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The Flying Heroes - The True Story
"Valiant” tells of the adventure of a little wood pigeon who becomes a hero in World War II when he joins Great Britain's Royal Homing Pigeon Service, an organization that advances the Allied cause by flying vital messages regarding enemy movements across the English Channel, while evading attacks by the enemy's Falcon brigade.

In reality, fiction is based on fact: pigeons have long been used to carry messages in war situations, including during both World War I and World War II. Many pigeons delivered messages that saved human life, and large numbers of them died in the attempt. Some were awarded the Dickin Medal, the animal equivalent of the Victoria Cross, to recognize their bravery and contribution.

Two animal organizations, The Amalgamation of Racing Pigeons and The People's Dispensary for Sick Animals (PDSA), were instrumental in providing support and reference to Vanguard Animation during the creation of "Valiant.”

They retold stories of the activities of pigeons in war and provided the opportunity for the animators to visit pigeon lofts, where they could examine the birds, study their behavior and record those behaviors to reference during the production.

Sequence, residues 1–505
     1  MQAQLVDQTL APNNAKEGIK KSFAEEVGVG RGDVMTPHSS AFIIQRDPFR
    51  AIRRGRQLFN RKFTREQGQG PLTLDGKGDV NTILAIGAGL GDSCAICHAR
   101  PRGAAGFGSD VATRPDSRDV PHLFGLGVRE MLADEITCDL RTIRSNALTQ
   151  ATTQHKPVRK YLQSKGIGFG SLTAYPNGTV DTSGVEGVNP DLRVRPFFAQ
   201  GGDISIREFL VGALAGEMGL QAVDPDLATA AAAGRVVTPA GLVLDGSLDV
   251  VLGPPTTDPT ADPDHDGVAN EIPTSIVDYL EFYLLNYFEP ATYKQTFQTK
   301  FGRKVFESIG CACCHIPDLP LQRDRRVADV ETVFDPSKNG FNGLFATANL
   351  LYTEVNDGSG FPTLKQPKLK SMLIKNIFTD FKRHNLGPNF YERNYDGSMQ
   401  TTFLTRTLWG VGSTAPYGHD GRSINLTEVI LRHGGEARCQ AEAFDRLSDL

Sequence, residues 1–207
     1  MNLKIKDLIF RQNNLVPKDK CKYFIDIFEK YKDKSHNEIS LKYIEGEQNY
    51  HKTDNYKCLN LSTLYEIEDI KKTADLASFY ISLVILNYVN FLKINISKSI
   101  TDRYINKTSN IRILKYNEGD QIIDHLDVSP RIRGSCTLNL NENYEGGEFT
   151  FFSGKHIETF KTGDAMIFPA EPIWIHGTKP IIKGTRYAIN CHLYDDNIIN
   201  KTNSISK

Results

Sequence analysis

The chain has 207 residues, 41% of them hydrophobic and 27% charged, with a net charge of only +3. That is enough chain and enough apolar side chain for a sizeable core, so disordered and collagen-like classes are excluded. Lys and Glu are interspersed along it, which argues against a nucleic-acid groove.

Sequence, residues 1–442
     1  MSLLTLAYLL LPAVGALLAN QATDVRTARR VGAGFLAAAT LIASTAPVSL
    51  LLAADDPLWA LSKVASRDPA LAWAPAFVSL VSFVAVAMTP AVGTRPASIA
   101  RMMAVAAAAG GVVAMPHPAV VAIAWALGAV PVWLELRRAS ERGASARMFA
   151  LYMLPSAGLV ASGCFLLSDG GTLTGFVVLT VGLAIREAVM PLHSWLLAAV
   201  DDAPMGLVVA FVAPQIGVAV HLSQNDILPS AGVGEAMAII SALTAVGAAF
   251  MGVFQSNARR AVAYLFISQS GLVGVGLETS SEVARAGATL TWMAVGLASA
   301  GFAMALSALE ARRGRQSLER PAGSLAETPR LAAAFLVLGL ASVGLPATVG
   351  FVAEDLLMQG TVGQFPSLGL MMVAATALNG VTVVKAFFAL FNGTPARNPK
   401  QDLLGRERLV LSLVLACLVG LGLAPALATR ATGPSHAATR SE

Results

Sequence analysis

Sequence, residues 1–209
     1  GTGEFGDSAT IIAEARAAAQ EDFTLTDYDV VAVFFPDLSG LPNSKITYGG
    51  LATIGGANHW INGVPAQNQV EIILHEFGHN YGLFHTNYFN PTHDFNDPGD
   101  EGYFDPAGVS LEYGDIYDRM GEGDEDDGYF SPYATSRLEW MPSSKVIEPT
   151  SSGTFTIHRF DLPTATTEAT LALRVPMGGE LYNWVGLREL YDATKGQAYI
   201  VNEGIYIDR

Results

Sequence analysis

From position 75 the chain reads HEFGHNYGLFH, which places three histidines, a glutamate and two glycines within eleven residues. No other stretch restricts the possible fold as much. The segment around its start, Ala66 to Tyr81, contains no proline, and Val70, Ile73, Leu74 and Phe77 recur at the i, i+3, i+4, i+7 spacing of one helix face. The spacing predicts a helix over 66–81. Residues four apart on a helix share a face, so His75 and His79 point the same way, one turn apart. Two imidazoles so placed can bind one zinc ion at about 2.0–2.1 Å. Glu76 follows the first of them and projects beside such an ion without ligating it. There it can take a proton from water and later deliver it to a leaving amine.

Derek Partridge, co-founding member of the Amalgamation of Racing Pigeons, an organization attached to the National Pigeon Service which did such an outstanding job during the war said: "We were keen to help the production by giving them a true reflection of what pigeons achieved in war time. Many people today who have not been to war know nothing about how pigeons were instrumental in saving so many lives.”

The military divisions of the Army, Navy and Air Force all used pigeons to relay important messages. When in difficulty, the forces would either attach these vital messages to the pigeon's leg or place them in capsules attached to their backs. They could then release the birds, knowing that they would use their homing instincts to find their way back to base.

The PDSA presented the filmmakers with a copy of the Dickin Medal. It was given a place of honor in the studio so that all the animators could feel the reality of the story and to remind them that during the war, these little birds really did complete brave and amazing journeys.


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